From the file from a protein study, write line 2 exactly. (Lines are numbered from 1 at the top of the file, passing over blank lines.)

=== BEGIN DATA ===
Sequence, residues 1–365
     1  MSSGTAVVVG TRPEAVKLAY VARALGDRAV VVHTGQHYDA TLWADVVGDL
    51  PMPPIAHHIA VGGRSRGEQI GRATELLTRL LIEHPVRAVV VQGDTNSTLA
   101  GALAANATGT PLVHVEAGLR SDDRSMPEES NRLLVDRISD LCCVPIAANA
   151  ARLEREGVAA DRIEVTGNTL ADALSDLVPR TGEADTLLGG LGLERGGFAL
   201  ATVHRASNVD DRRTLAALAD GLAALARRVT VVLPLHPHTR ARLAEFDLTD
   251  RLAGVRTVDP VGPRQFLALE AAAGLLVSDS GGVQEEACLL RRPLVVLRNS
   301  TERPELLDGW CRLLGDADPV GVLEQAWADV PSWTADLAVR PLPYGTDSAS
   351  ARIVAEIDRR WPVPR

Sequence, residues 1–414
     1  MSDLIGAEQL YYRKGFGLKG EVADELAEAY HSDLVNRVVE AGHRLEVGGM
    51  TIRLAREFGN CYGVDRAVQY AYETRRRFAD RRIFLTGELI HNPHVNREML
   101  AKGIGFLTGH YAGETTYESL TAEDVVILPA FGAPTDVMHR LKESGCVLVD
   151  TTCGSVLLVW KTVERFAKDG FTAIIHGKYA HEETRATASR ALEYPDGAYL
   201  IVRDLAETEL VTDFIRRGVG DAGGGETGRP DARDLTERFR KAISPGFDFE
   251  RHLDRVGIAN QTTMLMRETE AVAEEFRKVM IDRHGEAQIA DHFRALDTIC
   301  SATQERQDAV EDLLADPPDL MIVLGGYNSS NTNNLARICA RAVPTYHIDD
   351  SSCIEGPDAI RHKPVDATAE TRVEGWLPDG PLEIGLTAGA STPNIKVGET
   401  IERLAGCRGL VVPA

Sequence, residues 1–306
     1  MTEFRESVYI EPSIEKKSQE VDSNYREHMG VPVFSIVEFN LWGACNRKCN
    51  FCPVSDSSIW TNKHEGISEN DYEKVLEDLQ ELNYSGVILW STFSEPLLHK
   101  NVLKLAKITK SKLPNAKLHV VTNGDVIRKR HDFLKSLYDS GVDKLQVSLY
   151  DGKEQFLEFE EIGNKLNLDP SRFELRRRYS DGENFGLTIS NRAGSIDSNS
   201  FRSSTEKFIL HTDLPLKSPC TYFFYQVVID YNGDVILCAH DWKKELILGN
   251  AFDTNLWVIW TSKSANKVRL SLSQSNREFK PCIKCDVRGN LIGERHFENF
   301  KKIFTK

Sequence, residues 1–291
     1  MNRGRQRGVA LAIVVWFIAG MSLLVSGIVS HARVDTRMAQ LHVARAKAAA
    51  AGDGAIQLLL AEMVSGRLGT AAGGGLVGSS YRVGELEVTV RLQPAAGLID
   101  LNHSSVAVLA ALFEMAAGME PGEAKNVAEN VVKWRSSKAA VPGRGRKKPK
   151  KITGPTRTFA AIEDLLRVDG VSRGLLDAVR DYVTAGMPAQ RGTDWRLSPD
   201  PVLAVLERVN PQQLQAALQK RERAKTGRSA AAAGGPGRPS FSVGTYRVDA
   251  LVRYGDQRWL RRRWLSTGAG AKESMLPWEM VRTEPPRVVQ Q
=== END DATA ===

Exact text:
     1  MSSGTAVVVG TRPEAVKLAY VARALGDRAV VVHTGQHYDA TLWADVVGDL